Headline: Hall stays busy at Clay-Davis
Your humble blogger had another article, this time a feature on the head resident advisor (whose last name was Hall) for my dorm, named jointly for Henry Clay, and yes, Jefferson Davis—he’d studied at the 1820s incarnation of Transy while in his early teens. It’s been demolished within the last decade.

There’s no mention in any of these issues of The Rambler, but other items in my Bin of College Memories remind me that 11/13/82 was Parents’ Weekend. My folks, who needed only the faintest excuse to come visit me, drove down for the day. We doubtless attended some of the formal functions (I wrote four years ago about President Brown challenging students to a “naming bee” as part of the weekend’s festivities; I participated, and you can read about the outcome here). Afterward, they took me to the mall to shop for a new winter coat, one that lasted me until sometime after I went to Illinois.

During the second quarter of the 70s, my father became quite interested in stamp collecting (I did too, to a lesser extent). On those rare occasions when I happen to think about the International Geophysical Year, an image of the U.S. stamp issued in celebration of it often springs to mind:

I had to have seen this somewhere around 1974.

Donald Fagen is sixteen years older than I am, so he didn’t have to learn about I.G.Y. through philately. His song about the eighteen-month-long endeavor captures both the imagination (space travel, Spandex) and the misplaced optimism (undersea rail, eternal youth) of the era. Nearly twenty-four years after I.G.Y. had ended, I was studying to become a programmer, though whether I ever had the vision or compassion necessary to help create a just decision-making machine is up for debate. That November weekend my parents came to visit me, “I.G.Y. (What a Beautiful World)” was at #33, moving toward a #26 peak two weeks later. (Side note, expressed with an appropriate amount of shame: while The Nightfly is revered by friends from many phases of my life, somehow it’s never found a spot in my collection. I don’t even know if I’ve ever listened to it in its entirety. Don’t hate on me for this–I’m certain I have a redeeming quality or two.)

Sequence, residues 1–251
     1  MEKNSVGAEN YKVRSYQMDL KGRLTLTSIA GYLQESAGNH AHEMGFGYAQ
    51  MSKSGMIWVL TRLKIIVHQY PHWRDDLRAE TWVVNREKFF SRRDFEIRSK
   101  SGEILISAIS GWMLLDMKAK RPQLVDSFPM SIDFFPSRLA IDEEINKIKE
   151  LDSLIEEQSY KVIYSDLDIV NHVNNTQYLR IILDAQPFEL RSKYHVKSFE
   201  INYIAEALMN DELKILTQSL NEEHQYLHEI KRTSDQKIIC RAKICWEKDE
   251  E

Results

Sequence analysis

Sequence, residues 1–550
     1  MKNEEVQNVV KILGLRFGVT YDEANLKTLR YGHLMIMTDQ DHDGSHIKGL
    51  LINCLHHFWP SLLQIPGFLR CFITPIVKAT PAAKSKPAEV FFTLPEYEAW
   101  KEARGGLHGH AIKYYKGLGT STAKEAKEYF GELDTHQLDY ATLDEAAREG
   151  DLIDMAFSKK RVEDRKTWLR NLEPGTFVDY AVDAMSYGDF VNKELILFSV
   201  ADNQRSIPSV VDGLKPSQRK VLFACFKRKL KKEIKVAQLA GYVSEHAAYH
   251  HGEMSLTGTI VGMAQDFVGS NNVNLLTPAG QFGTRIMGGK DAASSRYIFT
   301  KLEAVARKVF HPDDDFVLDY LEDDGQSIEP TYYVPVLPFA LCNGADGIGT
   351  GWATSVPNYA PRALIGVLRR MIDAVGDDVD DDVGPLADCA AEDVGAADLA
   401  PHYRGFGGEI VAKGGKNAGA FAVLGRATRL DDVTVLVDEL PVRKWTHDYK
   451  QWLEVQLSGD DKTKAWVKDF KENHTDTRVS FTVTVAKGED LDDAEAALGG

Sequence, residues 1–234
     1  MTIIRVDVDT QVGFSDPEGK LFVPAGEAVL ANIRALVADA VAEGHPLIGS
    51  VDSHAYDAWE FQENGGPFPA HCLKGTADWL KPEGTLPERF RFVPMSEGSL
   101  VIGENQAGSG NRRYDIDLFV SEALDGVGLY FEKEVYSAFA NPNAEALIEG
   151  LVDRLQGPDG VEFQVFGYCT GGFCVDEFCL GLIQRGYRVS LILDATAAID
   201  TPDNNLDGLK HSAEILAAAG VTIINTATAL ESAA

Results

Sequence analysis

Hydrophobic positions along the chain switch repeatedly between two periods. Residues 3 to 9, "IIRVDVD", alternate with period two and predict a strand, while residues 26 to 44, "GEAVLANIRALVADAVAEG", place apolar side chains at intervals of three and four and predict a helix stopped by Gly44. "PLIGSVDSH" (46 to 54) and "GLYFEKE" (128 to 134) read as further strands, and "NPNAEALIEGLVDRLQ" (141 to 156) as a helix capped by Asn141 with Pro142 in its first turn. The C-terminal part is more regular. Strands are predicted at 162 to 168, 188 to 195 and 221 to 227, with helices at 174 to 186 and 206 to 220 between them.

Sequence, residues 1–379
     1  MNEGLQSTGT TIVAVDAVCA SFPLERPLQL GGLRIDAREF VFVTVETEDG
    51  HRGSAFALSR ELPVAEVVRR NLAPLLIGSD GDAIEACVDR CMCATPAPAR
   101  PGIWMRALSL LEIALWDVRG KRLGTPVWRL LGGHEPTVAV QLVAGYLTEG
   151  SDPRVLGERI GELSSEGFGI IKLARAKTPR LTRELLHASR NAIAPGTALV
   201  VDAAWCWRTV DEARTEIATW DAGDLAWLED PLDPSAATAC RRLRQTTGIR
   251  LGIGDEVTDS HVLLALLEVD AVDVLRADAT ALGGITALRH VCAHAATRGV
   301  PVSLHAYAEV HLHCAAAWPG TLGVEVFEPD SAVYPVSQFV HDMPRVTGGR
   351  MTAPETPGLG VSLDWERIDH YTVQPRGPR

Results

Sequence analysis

My Rambler collection is less complete following the 1982-83 year. Part of that, perhaps, was me getting more involved in other aspects of campus life, but the paper’s student leadership began faltering, too. A re-set was necessary during my junior year (they even ignored the Rambler’s storied 70-year history and—at least for a while—dialed things back to Volume 1). Recent developments include a move to online-only publication in August 2016, a kerfuffle that made the news in the spring of 2019 regarding discontinuation of paying an outside part-time advisor (I’ve not able to determine how the situation was resolved, but it apparently it was in some fashion), and of course much more sporadic publication in these pandemic times.

American Top 40 PastBlast, 11/2/85: Glenn Frey, “You Belong to the City”

I don’t remember when I decided I wanted to go to graduate school, but I believe that seed was well planted before I even spent one day in college. The whole school deal was something I did pretty well, at least when it came to test-taking; I imagine that as early as age 16 I wasn’t ready to concede it might end one day. If you’d asked me when I started at Transy what I’d be studying in four years, the answer would have been computer science. By the end of my sophomore year, though, the needle was pointing much more in the direction of mathematics. The experience I had programming at IBM during the summer of 1985 didn’t do anything to sway me back toward CS, and early in my senior year my math professor mentor loaned/gave me a journal with rankings of math grad programs, assistantship information, etc. I began considering in earnest about where I might find myself in twelve months. Right or wrong, one thing I decided fairly early on: I’d be looking out of state–the University of Kentucky didn’t hold sufficient appeal. I zeroed in particularly on Big 10 schools.